Skepticism

Autistic Teen Speaks for Herself

Autism Awareness Month tends to bring out a lot of people talking about autism who aren’t autistic—advocacy organizations, parents, celebrities, and, well, bloggers like me. Of course, parents of autistic children do need support and information. Some even discover the signs of an autism spectrum disorder (ASD) in themselves when their children are diagnosed, as happened to recent TS interviewee Dana Howell. And of course, advocacy for autistic people and autism research is in and of itself not a bad thing.

But…
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  1. I was diagnosed with Aspergers some years back, and while there are times when I question the diagnosis, thinking back on my childhood tends to lead me to think that the diagnosis is probably correct.

    As I have gotten older, though, I have learned to cope with things well enough that I usually don’t attract much attention to myself (though I sometimes am overly shy, or over-compensate and become obnoxious), and so I rarely bother to let people know about this – the tendency for them to either get weirded out or to try to convince me that I don’t have the condition because I function quite well in day-to-day life makes telling people what’s what more trouble than it is really worth.

    After I was diagnosed (and that diagnosis explained quite a bit), I decided to try seeking out the ASM communities and see what they had to offer. I found that the community, much like other sub-culture communities that I had encountered, tended to be rather self-referential, and didn’t necessarily reflect my experience. In large part this is likely because it was composed largely of younger people who had lived in a world that was increasingly recognizing and better handling issues like Aspergers, while I was older and had grown up in an environment where I was simply dismissed as mentally deficient – even I didn’t know why I couldn’t fit in and why I had social problems. My experience of life was radically different.

    One of the things that I really want people to grasp is that ASM disorders are not simply childhood issues – I have often had people who knew me as a child inform me that I outgrew it and became “normal” (no, I simply learned to cope with my issues, but they’re still there). I have been professionally successful (completed a research-based Master’s Degree, have a good career working in historic/archaeological preservation), but I continue to have struggles in my personal life (trouble making friends, difficulty with traveling, trouble with romantic relationships, etc. in my mid-30s, I’m just now beginning to have experiences that most people have in their early-to-mid 20’s).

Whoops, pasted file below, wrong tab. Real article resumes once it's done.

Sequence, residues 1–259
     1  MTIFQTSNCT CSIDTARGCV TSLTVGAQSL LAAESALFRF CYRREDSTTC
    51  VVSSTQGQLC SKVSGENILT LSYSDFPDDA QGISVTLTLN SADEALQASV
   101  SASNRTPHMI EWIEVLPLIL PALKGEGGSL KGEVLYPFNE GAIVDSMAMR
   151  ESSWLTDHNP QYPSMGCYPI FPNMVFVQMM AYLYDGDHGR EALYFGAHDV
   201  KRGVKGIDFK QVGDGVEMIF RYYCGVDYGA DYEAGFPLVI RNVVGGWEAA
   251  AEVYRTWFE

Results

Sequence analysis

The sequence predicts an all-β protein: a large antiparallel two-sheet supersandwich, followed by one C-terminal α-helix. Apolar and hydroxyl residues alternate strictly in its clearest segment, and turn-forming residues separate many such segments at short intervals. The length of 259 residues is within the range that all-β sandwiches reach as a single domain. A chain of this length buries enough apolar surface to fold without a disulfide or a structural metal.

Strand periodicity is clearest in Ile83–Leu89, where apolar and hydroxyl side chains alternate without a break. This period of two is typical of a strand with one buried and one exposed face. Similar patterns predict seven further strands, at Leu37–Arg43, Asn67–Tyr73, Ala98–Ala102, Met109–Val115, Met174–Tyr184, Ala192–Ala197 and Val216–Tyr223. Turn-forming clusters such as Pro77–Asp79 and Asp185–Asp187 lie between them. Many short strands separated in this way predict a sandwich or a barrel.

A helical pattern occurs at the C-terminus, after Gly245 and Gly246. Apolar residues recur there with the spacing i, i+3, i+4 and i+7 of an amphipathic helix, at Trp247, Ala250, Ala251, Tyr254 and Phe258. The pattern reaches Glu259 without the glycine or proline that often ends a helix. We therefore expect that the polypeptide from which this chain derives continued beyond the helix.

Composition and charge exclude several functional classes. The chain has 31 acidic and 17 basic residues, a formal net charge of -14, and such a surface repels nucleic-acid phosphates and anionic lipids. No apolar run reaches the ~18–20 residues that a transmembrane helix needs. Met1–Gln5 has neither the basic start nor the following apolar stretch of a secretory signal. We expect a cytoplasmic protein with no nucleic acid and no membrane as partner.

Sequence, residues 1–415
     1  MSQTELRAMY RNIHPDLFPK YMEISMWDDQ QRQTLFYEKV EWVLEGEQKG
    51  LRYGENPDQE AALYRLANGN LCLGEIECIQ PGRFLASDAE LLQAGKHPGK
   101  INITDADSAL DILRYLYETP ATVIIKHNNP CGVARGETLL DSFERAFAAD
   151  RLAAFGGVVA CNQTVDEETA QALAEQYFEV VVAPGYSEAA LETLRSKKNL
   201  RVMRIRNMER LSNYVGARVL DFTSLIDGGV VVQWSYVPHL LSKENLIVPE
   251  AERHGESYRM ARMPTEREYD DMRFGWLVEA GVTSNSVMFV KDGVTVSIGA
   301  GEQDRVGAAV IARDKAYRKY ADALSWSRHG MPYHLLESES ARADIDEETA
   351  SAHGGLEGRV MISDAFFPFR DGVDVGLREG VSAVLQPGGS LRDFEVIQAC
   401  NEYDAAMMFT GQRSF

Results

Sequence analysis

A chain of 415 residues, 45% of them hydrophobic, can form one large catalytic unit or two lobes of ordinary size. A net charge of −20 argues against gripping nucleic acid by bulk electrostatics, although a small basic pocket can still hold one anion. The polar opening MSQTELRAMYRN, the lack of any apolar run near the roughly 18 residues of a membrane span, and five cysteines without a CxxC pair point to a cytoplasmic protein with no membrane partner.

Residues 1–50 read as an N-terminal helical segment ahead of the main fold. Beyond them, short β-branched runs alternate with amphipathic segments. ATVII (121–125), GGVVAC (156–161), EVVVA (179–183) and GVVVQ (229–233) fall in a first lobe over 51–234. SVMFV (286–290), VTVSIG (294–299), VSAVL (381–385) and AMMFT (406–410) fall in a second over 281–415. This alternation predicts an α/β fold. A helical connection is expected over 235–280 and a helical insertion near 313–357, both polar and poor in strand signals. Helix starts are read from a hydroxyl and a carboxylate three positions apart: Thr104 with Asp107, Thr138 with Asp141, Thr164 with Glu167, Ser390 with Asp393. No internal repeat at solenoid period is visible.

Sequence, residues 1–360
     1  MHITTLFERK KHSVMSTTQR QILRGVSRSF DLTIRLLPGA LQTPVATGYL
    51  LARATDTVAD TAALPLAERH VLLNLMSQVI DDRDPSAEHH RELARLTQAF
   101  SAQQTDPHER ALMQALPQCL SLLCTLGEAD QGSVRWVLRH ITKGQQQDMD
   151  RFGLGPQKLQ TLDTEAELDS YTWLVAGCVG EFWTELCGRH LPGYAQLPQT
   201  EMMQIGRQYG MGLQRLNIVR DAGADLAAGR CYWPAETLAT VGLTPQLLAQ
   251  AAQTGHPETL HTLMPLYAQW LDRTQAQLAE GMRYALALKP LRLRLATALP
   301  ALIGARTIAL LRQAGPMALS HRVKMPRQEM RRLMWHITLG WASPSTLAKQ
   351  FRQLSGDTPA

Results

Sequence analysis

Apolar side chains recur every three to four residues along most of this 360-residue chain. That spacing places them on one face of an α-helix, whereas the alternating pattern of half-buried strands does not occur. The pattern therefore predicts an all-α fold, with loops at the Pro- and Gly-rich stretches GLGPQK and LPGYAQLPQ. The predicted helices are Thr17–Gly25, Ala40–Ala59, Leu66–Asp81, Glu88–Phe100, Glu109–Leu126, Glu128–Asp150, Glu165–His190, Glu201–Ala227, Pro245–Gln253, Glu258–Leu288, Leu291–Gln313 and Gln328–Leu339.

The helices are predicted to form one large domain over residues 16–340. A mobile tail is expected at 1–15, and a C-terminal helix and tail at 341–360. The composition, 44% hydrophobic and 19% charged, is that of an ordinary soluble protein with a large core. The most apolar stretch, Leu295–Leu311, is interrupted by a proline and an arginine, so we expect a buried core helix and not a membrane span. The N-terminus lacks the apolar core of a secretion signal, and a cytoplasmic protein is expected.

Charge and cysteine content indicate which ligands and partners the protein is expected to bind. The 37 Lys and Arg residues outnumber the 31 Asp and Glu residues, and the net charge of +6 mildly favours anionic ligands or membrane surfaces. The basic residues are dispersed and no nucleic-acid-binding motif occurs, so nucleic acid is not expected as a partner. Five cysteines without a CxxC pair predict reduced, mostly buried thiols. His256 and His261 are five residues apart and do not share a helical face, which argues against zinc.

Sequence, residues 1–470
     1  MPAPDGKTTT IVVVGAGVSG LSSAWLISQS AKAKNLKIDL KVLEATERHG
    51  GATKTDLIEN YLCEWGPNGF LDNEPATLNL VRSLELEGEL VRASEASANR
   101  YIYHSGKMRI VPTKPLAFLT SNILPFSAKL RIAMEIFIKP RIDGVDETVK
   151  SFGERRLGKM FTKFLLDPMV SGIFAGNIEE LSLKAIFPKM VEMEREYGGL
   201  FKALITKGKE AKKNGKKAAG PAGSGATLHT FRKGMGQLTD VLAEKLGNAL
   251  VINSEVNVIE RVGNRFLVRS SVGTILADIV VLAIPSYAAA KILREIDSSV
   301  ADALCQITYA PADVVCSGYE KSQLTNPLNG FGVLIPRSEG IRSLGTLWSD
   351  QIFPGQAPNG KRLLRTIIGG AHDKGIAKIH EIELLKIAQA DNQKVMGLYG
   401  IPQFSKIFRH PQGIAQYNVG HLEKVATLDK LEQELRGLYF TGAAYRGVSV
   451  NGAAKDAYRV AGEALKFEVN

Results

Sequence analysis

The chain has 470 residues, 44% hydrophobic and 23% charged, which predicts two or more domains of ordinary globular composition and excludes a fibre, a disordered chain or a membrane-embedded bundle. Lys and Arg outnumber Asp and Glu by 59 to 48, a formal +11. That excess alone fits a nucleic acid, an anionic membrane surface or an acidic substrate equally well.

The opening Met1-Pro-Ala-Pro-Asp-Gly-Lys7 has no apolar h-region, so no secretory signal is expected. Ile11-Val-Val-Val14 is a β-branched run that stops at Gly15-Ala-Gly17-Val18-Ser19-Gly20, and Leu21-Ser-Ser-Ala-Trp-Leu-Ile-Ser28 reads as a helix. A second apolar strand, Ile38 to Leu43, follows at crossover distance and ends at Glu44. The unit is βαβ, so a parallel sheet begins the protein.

2. That’s a good point, about the focus being on childhood. Until I started meeting more adults online who told me they were autistic (perhaps because it’s easier to share that information with people online in certain contexts), I definitely associated autism with children. I wonder now how many people I know in real life who have Asperger’s but don’t share that information (for reasons similar to yours).

    I’m aware of a few of the forums out there, such as Wrong Planet, but it never occurred to me that they would be skewed more toward younger adults with a different experience. I wonder if this might change as more adults are diagnosed later in life, which seems to be happening more frequently.

  3. The most common, and personally hurtful, misconception is that we lack empathy. I’m on the spectrum, and my son and my niece have been diagnosed with Aspergers. From my perspective, what may be perceived as a lack of the ability to recognize the feeling of others, or of the ability to read social cues – is, for a lot of us, being overwhelmed by them, not misinterpreting. Also, I think that the extreme discomfort with face-to-face, eye-to-eye conversations is, again, just being overwhelmed by all the sensory and social input that comes with that. Call it processing time, maybe, for me. People speculating on why we’re so ‘off’ in social situations seldom seem to see this central reason.

  4. For me, it definitely is a difficulty in reading social cues, rather than simply feeling overwhelmed by them.

    The discomfort with eye-to-eye contact always caused trouble – in order to be professionally successful, I have had to train myself to look people in the face. I recall, though, that as a teenager, I would always look down at people’s shoes, which, when I spoke with girls, usually was mis-interpreted as me staring at their chests, which of course added to the social awkwardness.

  5. For me, it definitely is a difficulty in reading social cues, rather than simply feeling overwhelmed by them.

    The discomfort with eye-to-eye contact always caused trouble – in order to be professionally successful, I have had to train myself to look people in the face. I recall, though, that as a teenager, I would always look down at people’s shoes, which, when I spoke with girls, usually was mis-interpreted as me staring at their chests, which of course added to the social awkwardness.

  6. As a disabled person, but not on the spectrum, I consider myself an ally to the Autistic Self Advocacy Movement, so this post is just meant as a FYI. For those who haven’t heard of the group, the Autistic Self Advocacy Network has done some great advocacy work to both advance polices and dispel myths. It has been involved with the larger disability community for awhile now. The organization is run by and for people on the spectrum. It’s website is http://www.autisticadvocacy.org/

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